Ben is a more usual sort of romance hero – except for the fact that he is a widower.  Shalvis does a really good job of negotiating the fact that he has been in love before and had a happy marriage whilst still working towards a happy ending with Aubrey.  It’s a difficult tightrope to tread – particularly at times because he is discovering things about his wife that he didn’t know – but Shalvis manages to create a lovely relationship between Ben and Aubrey without running down or ruining the one that he had before.

I’m not a massive reader of contemporary romance as you all know, but small town contemporaries really do scratch an itch sometimes.  They seem like a logical extension of my love of Sweet Valley High and the Babysitters’ Club books when I was growing up.  To me the towns often feel  a lot like a larger (and American) version of the villages that I grew up in – where everyone knows you and your business – but populated by small businesses, often quirky, and attractive people.  Who wouldn’t want to live in that sort of world?  Well except for everyone knowing you and your business and your history, which I know from personal experience can get on your wick after a while, but hey it’s a romance book and it’s fun to read about!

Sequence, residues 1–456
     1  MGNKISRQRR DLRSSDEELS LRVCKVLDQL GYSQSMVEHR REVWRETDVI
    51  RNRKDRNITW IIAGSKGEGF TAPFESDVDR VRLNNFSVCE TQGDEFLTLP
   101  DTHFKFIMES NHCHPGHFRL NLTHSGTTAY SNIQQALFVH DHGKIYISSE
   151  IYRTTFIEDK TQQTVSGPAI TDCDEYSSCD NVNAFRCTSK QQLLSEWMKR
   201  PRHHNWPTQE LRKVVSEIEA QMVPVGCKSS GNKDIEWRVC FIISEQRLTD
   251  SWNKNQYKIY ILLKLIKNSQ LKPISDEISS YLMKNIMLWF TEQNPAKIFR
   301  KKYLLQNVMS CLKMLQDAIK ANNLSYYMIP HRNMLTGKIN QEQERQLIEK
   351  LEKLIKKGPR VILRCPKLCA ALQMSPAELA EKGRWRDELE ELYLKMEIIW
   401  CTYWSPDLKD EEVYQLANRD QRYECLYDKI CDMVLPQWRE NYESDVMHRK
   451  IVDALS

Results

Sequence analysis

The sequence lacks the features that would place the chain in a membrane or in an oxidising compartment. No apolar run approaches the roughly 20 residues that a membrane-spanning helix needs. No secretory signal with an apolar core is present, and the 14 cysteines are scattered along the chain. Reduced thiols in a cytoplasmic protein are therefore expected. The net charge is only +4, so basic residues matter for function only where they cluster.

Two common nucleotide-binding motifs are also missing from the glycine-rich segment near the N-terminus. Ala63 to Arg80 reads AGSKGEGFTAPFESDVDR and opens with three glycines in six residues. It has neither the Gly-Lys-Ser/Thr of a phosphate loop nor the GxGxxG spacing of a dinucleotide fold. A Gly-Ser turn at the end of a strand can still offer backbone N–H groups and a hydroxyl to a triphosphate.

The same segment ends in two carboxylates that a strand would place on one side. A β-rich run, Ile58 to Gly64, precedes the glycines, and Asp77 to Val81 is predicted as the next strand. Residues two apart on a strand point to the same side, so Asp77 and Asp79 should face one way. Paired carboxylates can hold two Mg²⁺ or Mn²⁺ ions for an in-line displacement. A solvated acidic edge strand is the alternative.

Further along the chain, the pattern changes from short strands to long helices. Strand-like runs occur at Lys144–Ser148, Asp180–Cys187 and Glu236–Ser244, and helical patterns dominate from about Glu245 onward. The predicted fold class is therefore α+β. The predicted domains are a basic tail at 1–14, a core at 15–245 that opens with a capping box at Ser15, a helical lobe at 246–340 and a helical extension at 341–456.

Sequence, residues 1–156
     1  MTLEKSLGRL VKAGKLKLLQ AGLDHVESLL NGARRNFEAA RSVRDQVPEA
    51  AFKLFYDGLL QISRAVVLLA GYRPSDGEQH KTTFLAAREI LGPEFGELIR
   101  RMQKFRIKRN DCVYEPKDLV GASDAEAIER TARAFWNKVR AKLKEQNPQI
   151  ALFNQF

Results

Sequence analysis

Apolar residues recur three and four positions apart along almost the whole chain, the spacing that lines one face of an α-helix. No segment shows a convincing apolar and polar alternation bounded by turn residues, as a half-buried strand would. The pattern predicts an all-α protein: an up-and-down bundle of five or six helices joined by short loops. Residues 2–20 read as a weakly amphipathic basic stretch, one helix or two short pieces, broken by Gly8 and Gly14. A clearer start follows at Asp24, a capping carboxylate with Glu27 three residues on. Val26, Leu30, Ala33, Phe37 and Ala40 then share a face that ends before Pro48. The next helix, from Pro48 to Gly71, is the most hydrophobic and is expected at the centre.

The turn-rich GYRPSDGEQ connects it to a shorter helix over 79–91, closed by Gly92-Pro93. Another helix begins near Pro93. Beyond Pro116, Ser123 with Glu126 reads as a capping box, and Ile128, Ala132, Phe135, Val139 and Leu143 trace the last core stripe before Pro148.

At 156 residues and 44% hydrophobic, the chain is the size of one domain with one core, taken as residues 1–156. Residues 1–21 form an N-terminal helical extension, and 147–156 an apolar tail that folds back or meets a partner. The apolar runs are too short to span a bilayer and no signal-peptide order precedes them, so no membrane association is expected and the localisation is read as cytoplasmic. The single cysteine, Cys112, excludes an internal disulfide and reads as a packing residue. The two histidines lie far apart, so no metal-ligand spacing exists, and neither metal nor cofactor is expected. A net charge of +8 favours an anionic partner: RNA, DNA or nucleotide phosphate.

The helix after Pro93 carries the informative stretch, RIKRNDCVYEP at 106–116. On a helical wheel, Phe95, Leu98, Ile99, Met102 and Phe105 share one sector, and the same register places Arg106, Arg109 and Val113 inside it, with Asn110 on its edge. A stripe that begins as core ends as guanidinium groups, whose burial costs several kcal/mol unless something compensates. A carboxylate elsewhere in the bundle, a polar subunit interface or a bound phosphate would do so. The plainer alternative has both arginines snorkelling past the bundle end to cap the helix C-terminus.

Anyway, as I mentioned, my copy of Once in a Lifetime was in an omnibus (the third of the Lucky Harbor omnibuses to be precise). That’s unfortunately not on sale anymore and is back up to £4.99 on Kindle but that’s still a better deal than buying it individually for £3.99.  Both of those are probably better value than buying the actual books – which I think are quite expensive considering how long they take to read – but that is often the case with American romance novels.  However the first three Lucky Harbour books are £3.99 at the moment,  if you want to dip your toe into the water (so to speak) – I know I’m very tempted…

Happy reading!

The Week In Books: June 5 – June 11

I’m not that surprised I didn’t get much read this week – it was elections and I’ve been super busy with work and have done a lot of hours.  Hopefully this week will be more normal…

Read:

Marriage is Pure Murder by Staci McLaughlin

Once in a Lifetime by Jill Shalvis

Death by Vanilla Latte by Alex Erickson

Bad Housekeeping by Maia Chance

Started:

Fatal Forgeries by Ritter Ames

An Expert in Murder by Nicola Upson

Written in Dead Wax by Andrew Cartmel

Still reading:

Kick by Paula Byrne

Reel History: The World According to the Movies by Alex von Tunzelmann

The Headmistress by Angela Thirkell

Standard Deviation by Katherine Heiny

Yeah.  Quite a lot of books bought – two proper books at the lovely Big Green Bookshop after work on Saturday and five ebooks which were on various short term offers…

Recommendsday: Cozy Crime